9 January 2023

Does “Fair Use” exist in South African Copyright law?

In South Africa, the concept of fair use is codified in the Copyright Act, 1978. Section 12 of the Act sets out the circumstances in which fair use of a copyrighted work is permitted without the need to obtain permission from the copyright owner.

According to Section 12, the fair use of a copyrighted work is not an infringement of copyright if it is used for the following purposes:

  • Private or domestic use, including research or study
  • Criticism or review
  • News reporting
  • Education, including teaching, scholarship, or research
  • Incidental inclusion in a broadcast or sound recording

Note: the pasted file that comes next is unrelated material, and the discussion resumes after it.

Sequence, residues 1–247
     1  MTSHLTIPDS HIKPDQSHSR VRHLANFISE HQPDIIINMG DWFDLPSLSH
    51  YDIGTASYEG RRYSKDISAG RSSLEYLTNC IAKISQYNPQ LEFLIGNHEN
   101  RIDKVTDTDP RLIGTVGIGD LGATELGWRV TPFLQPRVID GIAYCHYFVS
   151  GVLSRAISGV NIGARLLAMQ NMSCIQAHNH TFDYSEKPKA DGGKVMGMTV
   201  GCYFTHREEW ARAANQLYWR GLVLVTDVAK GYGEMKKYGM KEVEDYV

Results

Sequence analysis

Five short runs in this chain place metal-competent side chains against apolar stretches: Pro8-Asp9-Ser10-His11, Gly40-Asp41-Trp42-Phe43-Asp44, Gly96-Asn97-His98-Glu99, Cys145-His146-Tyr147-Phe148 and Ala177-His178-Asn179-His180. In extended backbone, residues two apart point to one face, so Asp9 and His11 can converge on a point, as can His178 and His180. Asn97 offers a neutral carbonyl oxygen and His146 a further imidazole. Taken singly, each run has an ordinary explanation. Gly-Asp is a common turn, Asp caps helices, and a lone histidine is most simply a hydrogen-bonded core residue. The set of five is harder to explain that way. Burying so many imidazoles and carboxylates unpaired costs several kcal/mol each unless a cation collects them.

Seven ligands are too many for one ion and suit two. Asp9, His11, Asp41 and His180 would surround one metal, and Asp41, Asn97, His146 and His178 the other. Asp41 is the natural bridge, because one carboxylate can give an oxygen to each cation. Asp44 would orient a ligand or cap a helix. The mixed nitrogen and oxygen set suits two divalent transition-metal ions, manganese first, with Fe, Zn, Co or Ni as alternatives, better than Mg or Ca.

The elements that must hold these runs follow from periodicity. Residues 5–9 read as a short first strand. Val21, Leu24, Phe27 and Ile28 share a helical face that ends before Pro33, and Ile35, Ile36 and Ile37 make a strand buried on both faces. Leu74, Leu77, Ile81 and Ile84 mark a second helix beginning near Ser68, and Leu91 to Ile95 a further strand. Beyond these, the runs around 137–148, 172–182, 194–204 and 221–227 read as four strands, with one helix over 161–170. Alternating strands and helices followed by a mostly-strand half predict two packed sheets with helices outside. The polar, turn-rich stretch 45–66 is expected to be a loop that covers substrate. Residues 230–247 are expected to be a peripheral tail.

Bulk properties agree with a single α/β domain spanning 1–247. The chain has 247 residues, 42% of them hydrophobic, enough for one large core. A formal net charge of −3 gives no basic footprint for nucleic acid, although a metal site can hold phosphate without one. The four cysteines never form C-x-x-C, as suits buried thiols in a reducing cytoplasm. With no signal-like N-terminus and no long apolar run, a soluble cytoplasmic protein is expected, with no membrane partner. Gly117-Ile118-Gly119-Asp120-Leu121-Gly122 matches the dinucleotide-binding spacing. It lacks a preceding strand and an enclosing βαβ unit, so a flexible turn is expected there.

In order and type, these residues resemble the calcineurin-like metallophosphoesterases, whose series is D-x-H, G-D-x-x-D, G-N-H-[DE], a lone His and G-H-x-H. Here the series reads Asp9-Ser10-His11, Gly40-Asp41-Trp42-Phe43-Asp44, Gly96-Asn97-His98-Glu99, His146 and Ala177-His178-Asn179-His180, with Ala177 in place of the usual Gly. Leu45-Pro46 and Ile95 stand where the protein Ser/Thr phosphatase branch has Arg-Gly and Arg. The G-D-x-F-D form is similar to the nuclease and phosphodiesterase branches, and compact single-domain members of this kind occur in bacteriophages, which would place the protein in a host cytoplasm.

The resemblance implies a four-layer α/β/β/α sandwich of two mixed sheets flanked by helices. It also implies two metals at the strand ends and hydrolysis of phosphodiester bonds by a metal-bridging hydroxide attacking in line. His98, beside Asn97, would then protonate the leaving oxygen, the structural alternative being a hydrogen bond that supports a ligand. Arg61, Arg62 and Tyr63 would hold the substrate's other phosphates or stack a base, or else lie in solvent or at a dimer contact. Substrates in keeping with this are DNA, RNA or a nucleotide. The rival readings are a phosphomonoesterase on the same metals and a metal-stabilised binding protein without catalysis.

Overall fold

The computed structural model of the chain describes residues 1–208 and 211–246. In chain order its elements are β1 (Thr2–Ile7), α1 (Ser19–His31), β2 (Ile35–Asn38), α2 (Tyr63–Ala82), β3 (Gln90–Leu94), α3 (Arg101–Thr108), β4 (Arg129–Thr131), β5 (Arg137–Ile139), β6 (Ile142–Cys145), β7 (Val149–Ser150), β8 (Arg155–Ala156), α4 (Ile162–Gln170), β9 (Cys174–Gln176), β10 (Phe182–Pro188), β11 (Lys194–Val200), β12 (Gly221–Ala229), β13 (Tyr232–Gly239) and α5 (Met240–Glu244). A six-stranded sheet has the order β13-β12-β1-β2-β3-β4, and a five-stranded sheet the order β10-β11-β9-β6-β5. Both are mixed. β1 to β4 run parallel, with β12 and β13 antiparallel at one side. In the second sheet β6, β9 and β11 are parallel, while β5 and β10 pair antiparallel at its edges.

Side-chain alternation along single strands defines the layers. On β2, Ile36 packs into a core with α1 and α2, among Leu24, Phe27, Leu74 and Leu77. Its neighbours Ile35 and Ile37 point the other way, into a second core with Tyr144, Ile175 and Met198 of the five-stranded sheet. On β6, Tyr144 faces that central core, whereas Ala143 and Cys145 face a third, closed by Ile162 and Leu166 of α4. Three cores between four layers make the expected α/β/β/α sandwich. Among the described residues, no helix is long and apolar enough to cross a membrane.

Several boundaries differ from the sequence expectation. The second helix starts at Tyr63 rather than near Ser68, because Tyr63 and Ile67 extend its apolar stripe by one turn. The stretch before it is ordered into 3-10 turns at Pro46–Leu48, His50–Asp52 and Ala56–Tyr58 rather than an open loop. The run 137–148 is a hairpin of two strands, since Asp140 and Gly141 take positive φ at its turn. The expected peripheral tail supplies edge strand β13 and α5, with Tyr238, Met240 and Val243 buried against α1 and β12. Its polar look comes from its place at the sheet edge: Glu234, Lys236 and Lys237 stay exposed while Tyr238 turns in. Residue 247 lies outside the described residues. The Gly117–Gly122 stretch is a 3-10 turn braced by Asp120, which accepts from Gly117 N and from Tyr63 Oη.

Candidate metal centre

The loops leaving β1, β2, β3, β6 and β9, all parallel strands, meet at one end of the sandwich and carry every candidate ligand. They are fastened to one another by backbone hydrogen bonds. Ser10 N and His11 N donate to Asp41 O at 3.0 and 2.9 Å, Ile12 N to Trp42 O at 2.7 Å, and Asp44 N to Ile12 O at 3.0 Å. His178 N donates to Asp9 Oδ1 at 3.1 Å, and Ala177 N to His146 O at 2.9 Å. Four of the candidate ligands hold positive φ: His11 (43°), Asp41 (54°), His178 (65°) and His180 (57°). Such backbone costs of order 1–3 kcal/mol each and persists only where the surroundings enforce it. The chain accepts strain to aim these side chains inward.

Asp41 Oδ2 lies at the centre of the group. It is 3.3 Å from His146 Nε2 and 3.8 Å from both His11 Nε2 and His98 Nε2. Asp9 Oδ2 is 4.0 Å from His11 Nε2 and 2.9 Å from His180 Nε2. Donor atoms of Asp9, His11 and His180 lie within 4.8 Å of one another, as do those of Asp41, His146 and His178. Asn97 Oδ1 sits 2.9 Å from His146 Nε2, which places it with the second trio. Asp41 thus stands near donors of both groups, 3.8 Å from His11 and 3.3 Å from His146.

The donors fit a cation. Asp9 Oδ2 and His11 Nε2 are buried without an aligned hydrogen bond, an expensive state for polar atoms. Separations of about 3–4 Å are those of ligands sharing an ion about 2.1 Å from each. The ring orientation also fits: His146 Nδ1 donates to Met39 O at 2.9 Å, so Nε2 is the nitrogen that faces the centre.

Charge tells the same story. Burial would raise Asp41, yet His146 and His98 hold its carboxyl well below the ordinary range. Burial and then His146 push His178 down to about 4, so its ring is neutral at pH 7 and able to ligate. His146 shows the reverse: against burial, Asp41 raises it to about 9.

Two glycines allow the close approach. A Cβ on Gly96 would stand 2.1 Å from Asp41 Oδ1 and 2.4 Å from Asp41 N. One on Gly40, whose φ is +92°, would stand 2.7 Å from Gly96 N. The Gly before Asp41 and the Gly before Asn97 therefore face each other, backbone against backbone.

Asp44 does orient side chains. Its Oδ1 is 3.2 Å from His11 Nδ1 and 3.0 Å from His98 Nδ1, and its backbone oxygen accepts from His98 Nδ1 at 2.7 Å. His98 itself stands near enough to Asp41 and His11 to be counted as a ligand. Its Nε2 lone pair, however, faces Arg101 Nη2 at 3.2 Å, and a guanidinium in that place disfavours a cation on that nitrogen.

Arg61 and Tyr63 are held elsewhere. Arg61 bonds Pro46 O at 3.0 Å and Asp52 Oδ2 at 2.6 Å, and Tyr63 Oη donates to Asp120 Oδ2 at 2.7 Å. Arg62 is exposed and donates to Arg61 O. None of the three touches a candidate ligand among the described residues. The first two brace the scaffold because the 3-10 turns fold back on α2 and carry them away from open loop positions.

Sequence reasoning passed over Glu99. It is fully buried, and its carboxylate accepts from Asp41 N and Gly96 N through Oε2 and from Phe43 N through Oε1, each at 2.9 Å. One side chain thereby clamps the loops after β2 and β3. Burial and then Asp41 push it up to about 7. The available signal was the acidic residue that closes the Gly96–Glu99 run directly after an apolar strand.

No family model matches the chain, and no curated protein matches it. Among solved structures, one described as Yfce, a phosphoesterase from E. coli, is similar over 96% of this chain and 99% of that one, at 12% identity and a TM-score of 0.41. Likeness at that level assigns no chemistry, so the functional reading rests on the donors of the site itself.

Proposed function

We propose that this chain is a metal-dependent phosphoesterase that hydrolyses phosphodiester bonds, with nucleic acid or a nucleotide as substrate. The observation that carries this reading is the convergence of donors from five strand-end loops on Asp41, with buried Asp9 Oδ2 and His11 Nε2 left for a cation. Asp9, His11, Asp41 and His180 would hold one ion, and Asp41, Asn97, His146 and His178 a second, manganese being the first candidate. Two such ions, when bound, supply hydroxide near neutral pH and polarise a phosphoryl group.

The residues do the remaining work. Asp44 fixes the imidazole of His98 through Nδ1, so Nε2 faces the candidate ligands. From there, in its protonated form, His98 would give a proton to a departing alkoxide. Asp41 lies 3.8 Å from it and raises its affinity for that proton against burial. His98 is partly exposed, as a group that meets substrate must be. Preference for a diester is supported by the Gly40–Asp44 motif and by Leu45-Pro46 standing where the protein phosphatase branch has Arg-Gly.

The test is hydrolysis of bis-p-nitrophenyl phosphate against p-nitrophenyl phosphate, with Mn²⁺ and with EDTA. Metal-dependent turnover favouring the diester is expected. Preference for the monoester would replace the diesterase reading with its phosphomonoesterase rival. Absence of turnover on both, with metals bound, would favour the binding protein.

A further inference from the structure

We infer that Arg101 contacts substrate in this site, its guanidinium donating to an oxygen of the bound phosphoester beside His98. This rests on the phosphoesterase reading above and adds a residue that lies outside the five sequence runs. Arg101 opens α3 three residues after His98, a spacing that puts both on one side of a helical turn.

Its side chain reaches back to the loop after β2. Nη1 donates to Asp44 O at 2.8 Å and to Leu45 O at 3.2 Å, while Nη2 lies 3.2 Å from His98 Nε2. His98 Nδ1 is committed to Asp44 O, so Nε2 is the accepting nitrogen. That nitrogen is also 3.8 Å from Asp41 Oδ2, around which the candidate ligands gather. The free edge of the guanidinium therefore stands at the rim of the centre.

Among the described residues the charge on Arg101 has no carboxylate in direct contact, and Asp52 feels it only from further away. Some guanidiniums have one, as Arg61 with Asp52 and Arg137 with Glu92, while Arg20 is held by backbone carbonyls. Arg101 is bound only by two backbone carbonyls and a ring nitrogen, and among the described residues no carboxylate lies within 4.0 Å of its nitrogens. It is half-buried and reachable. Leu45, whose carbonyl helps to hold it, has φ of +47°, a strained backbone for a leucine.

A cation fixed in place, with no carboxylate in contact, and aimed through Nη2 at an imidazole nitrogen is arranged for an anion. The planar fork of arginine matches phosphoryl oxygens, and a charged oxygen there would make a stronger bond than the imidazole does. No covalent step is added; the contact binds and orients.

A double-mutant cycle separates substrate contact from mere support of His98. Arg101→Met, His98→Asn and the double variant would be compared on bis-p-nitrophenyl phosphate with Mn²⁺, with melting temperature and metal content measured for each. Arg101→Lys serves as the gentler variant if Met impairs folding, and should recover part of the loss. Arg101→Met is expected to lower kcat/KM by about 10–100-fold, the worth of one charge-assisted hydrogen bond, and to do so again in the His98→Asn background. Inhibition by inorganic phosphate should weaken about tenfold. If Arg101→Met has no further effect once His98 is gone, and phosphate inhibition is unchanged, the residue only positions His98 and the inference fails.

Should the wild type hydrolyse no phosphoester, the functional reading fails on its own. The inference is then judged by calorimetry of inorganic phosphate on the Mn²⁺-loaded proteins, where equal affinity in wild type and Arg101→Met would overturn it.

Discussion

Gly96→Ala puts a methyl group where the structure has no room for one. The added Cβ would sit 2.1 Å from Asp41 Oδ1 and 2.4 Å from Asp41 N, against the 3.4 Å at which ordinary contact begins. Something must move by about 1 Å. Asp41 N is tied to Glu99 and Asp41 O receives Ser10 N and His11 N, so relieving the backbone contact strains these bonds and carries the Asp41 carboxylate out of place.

In determining whether a use is a fair use, the following factors are taken into account:

  • The purpose and character of the use, including whether the use is of a commercial nature or is for nonprofit educational purposes.
  • The nature of the copyrighted work.
  • The amount and substantiality of the portion used in relation to the copyrighted work as a whole.
  • The effect of the use upon the potential market for or value of the copyrighted work.

It is important to note that the fair use doctrine is an affirmative defense to copyright infringement, which means that if a use is found to be a fair use, the user cannot be held liable for copyright infringement. However, if a use is not found to be a fair use, the user may be held liable for copyright infringement and may be required to pay damages to the copyright owner.

– Written by ChatGPT, reviewed by Christian Tabor-Raeside